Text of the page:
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Investigation of the Effects of Diet and Exercise on Bone Growth in Young Females.

Nurmi-Lawton, Jaana A. (2004) Investigation of the Effects of Diet and Exercise on Bone Growth in Young Females. Doctoral thesis, University of Surrey (United Kingdom)..

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Abstract

Weight-bearing exercise has been shown to be beneficial for peak bone mass (PBM) development, but whether the skeletal benefits achieved with exercise are maintained if training remains intensive throughout the pubertal years remains undefined. The aim of this research was to investigate the long-term effects of high-impact exercise and the interaction with nutritional factors on PBM development and somatic growth in young females. Longitudinal effects of training on bone metabolism as well as familial influence on growth and development were also examined. At baseline, 45 artistic gymnasts (G) and 52 normally-active controls (C) aged 8-17 years were recruited and followed-up for three years. Anthropometry, diet (repeated estimated dietary records) and physical activity were assessed. Quantitative ultrasound (QUS) measurements were taken. Dual energy x-ray absorptiometry (DXA) scans of total body (TB) and lumbar spine (LS) bone mineral content (BMC) and density (BMD) were taken annually for two years. Blood and urine samples were collected for analysis of bone formation (bone specific alkaline phosphatase, BALP; amino-terminal propeptide of type I procollagen, PINP) and resorption markers (pyridinoline, PYD; deoxypyridinoline, DPD; collagen type I cross-linked C-telopeptide, CTX). To assess heredity influences, 27 G-mothers and 26 C-mothers volunteered for cross-sectional measurements of anthropometry, QUS, BMC/BMD. Compared to the controls, the gymnasts were smaller and lighter (as were their mothers), but had similar growth rates across puberty. Their maturation process occurred later and this was at least partly due to a familial influence. Dietary intakes of energy, macro and micronutrients were found to be sufficient in gymnasts, but only after adjustment for body weight. The gymnasts had significantly higher QUS, axial and appendicular BMC and BMD, with >170 grams more bone mineral in TB across puberty. The main determinants of bone mass were height, weight, maturation, exercise and dietary energy and protein intake. In gymnasts, the biochemical markers of bone turnover which were assessed indicated lower bone resorption in early puberty and higher bone formation in late puberty. These results provide evidence for sustained skeletal benefits from impact-loading exercise throughout the pubertal years, which are unlikely to result entirely from hereditary influences. If the effects are maintained through adulthood into old age, impact-loading exercise during childhood and adolescence may have a valuable role in preventing osteoporotic fractures in later life.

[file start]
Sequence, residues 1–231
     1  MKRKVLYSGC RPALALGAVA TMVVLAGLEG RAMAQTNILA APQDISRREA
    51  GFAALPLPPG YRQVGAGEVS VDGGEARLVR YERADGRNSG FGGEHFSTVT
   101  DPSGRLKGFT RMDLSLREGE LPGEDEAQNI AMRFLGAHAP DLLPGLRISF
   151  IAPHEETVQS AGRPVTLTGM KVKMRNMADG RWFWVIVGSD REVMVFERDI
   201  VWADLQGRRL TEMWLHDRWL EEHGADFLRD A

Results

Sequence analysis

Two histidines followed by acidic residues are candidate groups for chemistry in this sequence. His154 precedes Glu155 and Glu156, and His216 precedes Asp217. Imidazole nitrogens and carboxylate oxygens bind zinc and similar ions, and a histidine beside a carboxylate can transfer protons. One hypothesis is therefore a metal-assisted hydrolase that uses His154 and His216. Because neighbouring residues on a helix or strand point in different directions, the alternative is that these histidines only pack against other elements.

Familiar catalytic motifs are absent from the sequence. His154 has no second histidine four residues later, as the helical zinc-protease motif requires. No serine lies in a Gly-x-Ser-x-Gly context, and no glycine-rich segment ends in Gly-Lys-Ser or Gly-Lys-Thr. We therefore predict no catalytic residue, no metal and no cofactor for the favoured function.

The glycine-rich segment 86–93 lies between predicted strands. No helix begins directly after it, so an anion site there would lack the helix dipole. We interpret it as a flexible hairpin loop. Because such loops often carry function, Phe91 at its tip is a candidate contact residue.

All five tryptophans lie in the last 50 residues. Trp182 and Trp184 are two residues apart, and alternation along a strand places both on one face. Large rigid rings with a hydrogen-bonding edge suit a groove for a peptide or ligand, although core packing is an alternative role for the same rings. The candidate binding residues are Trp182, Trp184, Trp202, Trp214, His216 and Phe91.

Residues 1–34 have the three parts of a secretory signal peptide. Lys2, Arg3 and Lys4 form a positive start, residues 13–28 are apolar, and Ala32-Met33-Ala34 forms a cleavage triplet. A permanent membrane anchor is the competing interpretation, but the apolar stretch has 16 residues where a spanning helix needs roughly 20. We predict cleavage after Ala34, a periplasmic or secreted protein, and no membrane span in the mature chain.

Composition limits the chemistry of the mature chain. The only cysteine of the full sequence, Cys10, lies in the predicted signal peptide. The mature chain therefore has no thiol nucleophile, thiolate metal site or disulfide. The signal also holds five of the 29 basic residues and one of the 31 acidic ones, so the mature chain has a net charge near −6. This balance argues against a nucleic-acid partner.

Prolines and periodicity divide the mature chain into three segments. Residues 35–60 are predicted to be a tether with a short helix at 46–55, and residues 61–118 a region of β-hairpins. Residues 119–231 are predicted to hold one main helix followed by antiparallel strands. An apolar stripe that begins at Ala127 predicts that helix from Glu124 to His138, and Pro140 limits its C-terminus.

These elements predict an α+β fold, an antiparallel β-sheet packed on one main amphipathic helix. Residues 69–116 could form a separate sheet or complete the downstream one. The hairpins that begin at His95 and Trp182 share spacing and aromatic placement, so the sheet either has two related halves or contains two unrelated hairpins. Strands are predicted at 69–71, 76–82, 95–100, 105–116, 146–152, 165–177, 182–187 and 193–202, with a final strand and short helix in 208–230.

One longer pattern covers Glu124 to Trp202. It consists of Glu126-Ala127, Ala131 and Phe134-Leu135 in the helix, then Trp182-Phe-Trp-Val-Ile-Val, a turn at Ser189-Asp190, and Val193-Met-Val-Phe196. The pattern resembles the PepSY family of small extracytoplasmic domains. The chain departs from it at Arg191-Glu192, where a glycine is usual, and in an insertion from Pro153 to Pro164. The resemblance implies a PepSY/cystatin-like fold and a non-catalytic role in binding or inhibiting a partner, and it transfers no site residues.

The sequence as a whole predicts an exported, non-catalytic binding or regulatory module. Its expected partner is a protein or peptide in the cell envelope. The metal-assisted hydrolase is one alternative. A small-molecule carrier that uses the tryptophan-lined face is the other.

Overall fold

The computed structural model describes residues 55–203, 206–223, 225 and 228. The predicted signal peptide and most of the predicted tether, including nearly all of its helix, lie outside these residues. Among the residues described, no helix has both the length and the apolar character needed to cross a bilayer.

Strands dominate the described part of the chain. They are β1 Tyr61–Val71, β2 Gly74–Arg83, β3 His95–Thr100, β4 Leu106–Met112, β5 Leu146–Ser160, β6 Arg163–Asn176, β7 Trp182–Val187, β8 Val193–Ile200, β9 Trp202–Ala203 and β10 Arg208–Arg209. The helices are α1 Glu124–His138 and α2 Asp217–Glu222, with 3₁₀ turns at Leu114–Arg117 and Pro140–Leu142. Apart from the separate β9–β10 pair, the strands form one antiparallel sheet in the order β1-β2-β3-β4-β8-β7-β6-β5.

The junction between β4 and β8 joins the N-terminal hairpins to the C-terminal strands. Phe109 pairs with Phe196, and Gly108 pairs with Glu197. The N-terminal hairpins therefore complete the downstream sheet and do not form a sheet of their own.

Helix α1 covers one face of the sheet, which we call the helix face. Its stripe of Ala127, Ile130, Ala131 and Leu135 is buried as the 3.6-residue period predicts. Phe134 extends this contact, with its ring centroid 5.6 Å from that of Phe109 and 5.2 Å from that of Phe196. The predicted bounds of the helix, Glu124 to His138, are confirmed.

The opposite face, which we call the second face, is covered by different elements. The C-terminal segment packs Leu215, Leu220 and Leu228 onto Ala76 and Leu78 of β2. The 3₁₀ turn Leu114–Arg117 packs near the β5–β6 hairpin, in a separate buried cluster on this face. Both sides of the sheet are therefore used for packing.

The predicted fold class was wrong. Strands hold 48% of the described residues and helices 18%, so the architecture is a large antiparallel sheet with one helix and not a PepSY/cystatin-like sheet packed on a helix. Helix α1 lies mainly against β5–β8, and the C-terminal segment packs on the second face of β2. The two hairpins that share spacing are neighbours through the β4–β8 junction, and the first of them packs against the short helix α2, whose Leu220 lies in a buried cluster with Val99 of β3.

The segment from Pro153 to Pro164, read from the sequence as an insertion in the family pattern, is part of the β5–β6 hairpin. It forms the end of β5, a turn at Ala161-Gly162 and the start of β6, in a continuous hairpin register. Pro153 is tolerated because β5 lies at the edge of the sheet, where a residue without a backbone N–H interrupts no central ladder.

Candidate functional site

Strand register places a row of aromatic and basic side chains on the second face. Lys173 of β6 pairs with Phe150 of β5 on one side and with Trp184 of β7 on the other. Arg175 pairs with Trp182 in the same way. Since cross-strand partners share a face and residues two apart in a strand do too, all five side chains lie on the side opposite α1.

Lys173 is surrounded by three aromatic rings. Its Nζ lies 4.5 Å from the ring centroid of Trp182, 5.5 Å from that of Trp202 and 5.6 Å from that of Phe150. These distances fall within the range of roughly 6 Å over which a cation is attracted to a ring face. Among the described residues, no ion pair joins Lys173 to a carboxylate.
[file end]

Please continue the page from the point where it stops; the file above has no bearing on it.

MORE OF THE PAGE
Item Type: Thesis (Doctoral)
Divisions : Theses
Authors : Nurmi-Lawton, Jaana A.
Date : 2004
Additional Information : Thesis (Ph.D.)--University of Surrey (United Kingdom), 2004.
Depositing User : EPrints Services
Date Deposited : 06 May 2020 14:15
Last Modified : 06 May 2020 14:19
URI: http://epubs.surrey.ac.uk/id/eprint/856113

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